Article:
By C R Abrar
THIS year marks the 20th anniversary of the much-celebrated Paris Principles. The principles were framed to foster institutions in promoting and monitoring effective implementation of international human rights standards at the national level. The reluctance of the executive arm of the state to make itself accountable to any autonomous rights monitoring authority quite often leads external actors to take initiative, cajole and induce the government authorities concerned to establish national human rights institutions (variedly termed as commissions or committees in specific country situations). Under such context, a fair share of the burden to nurture and strengthen those institutions often falls on those external actors. The Bangladesh case has not been any exception.
After years of dithering and wasting resources when the elected public representatives failed to enact the law for setting up such an institution, ironically the onus fell on the military-backed caretaker government to form the National Human Rights Commission in Bangladesh. From its inception the commission suffered from Paris Principles deficit. It was deliberately kept weak through limited mandate and selection process of its functionaries. The rights practitioners viewed it as a toothless tiger. A glimmer of hope was raised among some as the Awami League government won a massive majority on the platform to usher in change and uphold the rule of law. Civil society expected the new government to graft new denture on the tiger. But subsequent amendment to the NHRC act dashed such optimism.
Upholding the Paris Principles would mean that the human rights commission focuses its work on core protection issues, such as ‘the prevention of torture and degrading treatment, summary executions, arbitrary detention and disappearances, or the protection of human rights defenders’. The commission was expected to play a critical role in advancing all aspects of the rule of law, including with regard to the judiciary, law enforcement agencies and the correctional system. Its additional responsibility included encouraging the objective of a universal culture of human rights by sensitising parliamentarians and civil society including educational institutions and the media.
Rights activists have bemoaned the restrictive nature of the commission’s mandate and the disproportionate say of the executive in the selection process of the chair and members of the commission. Section 12/2/c of the NHRC charter excludes ‘public servants’ and ‘employees engaged in the service of statutory government authority’ from the commission’s purview. One may also argue that the current system of selection, with near-exclusive authority of the executive, falls far short of the ‘necessary guarantees to ensure pluralist representation of the social forces (of civilian society) involved in the promotion and protection of human rights’ (Principle 4 of the Paris Principles). Added to these structural limitations, the alleged absence of team spirit and partisan bias of the key functionaries have further compromised the commission in Bangladesh and created conditions for it to deviate from the high standards of the Paris Principles.
Any rudimentary knowledge of the concept of human rights would inform that human beings are born with certain inalienable rights. They are entitled to enjoy those rights irrespective of their temporal and spatial existence and even the state has to respect and honour those rights. Every individual — the good and the bad, the prince and the pauper, the preacher and the sinner, the faithful and the atheist, the victim and the perpetrator, the powerful and the defenceless, the mighty and the weak — are all entitled to the protection of the law and to be treated with dignity in accordance with the law. As states have the propensity to undermine those rights the human rights commission as an institution is expected to act as a watchdog of the rights and freedom of every person, citizen or not, irrespective of gender, colour, language, faith, sexual orientation, political opinion and the like.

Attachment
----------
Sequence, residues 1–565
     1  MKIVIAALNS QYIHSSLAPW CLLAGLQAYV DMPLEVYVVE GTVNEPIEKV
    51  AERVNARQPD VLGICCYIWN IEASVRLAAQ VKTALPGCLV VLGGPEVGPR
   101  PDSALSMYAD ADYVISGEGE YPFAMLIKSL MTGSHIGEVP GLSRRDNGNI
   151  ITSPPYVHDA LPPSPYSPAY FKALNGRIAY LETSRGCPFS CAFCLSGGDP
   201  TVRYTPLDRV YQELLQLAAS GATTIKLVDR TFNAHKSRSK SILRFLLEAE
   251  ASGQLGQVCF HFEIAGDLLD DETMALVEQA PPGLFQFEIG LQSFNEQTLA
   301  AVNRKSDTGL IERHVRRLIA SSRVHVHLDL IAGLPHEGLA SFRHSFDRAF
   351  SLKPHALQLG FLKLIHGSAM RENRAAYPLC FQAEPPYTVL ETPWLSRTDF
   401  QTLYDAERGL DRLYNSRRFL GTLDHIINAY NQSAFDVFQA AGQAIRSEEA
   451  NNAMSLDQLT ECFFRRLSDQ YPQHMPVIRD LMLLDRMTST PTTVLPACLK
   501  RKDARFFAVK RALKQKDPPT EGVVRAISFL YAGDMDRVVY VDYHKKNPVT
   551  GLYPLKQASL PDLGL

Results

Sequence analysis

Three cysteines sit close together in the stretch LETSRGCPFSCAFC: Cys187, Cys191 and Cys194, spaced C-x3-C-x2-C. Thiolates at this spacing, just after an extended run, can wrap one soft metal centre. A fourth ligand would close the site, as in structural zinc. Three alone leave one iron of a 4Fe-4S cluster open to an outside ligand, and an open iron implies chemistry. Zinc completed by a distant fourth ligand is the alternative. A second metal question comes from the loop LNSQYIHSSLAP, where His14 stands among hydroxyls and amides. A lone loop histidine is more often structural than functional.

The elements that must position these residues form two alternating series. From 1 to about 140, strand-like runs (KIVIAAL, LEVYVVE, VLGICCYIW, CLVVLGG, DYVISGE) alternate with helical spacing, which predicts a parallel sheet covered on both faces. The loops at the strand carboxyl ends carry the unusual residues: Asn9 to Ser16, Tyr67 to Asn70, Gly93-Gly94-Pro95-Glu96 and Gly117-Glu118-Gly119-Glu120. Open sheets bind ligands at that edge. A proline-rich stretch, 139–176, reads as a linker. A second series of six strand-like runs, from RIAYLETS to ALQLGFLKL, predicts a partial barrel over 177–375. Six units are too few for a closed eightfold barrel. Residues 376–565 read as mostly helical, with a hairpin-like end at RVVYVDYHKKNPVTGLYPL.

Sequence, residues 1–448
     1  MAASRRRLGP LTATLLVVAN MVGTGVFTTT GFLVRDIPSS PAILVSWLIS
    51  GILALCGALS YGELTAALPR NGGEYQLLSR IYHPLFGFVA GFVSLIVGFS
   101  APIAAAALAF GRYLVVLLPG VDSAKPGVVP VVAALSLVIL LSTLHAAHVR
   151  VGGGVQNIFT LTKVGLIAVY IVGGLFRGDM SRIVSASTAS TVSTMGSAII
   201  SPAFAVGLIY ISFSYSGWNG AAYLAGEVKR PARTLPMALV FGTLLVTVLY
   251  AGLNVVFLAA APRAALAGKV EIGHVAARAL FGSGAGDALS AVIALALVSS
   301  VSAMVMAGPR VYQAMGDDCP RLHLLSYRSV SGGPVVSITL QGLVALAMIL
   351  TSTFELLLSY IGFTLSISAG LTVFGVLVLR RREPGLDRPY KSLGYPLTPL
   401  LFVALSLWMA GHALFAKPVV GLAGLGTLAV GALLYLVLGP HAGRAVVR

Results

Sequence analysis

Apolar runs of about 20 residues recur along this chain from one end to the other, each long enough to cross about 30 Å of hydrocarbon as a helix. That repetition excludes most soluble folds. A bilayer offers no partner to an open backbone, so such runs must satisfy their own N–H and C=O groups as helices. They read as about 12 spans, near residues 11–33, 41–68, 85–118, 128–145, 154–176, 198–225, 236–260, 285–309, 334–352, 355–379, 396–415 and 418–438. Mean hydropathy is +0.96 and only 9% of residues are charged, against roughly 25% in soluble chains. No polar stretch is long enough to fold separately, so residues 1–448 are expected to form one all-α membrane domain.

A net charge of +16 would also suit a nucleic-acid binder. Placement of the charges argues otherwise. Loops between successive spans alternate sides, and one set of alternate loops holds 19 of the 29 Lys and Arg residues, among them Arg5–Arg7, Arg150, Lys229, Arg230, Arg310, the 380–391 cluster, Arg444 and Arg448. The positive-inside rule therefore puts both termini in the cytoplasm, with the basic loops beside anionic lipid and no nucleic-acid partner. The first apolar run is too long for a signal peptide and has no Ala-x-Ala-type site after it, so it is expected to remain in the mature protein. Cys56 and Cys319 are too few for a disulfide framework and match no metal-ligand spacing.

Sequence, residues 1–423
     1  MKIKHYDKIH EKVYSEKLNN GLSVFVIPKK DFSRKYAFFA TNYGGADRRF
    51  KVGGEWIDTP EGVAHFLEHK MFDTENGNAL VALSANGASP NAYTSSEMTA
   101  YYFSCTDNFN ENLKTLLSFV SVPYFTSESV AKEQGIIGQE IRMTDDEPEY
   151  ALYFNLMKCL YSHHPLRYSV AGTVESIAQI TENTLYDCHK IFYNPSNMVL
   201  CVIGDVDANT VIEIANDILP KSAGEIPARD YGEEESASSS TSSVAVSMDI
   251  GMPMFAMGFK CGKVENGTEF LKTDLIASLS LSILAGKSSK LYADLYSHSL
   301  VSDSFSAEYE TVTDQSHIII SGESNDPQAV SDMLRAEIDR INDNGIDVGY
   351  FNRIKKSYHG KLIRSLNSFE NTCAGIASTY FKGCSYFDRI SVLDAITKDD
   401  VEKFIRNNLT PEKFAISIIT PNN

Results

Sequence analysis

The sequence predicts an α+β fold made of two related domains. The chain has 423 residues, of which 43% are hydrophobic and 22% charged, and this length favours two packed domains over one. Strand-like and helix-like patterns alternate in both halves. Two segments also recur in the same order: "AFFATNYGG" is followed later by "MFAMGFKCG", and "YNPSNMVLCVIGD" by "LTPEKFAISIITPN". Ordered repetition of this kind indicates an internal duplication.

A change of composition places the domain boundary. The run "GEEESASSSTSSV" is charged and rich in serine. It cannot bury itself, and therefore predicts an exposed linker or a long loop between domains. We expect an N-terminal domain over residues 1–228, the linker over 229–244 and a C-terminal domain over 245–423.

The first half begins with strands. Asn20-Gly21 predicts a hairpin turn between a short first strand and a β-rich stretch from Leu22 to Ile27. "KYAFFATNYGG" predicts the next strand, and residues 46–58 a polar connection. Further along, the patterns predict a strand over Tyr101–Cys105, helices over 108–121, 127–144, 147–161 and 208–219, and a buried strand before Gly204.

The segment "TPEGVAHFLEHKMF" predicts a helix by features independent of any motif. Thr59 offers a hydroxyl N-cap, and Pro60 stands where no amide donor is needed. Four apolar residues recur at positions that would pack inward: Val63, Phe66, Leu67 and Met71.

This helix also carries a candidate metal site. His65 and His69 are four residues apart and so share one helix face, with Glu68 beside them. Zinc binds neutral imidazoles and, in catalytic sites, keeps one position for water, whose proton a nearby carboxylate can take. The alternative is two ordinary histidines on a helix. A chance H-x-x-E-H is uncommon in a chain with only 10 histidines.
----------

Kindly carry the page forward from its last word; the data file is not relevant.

One would not be wrong to assume that in any given society it is the weak, the poor, the minorities, the women, the powerless and the disadvantaged who are generally treated unjustly and unfairly by the state institutions and thus require special support and attention of institutions such as the human rights commission. A handful of individuals and organisations that stand up for the rights and dignity of the abovementioned marginalised groups, i.e. the human rights defenders, also become targets of arbitrary and often illegitimate actions of the state. The commission has an added responsibility to provide them with unfettered protection. Perhaps, it would be worthwhile at this stage to examine how the commission and Bangladesh have dealt with a few of such cases in the recent past.
The role of the commission in the much talked about Limon case is a concrete example. When Limon was illegally shot and maimed by the members of law enforcement agencies, its chair took a public stand demanding justice. In addition, Limon was charged with a false arms-case. When his family filed a case against the police, the latter refused to entertain it. Later, public outrage followed by a court order forced the police to change its position. In the meantime, the maiming cost Limon one of his legs. When he went to secure support of the commission in pursuing his case, the latter hit the headlines when the chair counselled Limon to make a compromise with the perpetrators. Was the commission chief acting within his remit in offering such advice? Or would he defend his position by invoking the additional principles with quasi-judicial competence under the Paris Principles? Such a shift in position severely undermined the commission among the general people.
On another occasion, when the Refugee and Migratory Movements Research Unit organised a national consultation on the ‘Rohingyas in Bangladesh: Economic Migrants or Asylum Seekers’, the rights chief began his statement pointing fingers at the ‘armchair intellectuals’ for ‘purposefully directing the attention of the nation to an issue (Rohinygas) when the whole country was engaged in the serious business of holding the trials of war criminals.’ One wonders what could have been the commission’s response if the question was posed: should the activists and aggrieved persons refrain from drawing attention to what they may perceive to be violations of rights until matters deemed by the state or the commission get sorted out? To the best of knowledge of this author, the Paris Principles do not privilege one set of violations over the others. It may very well be that the commission has a different take on this.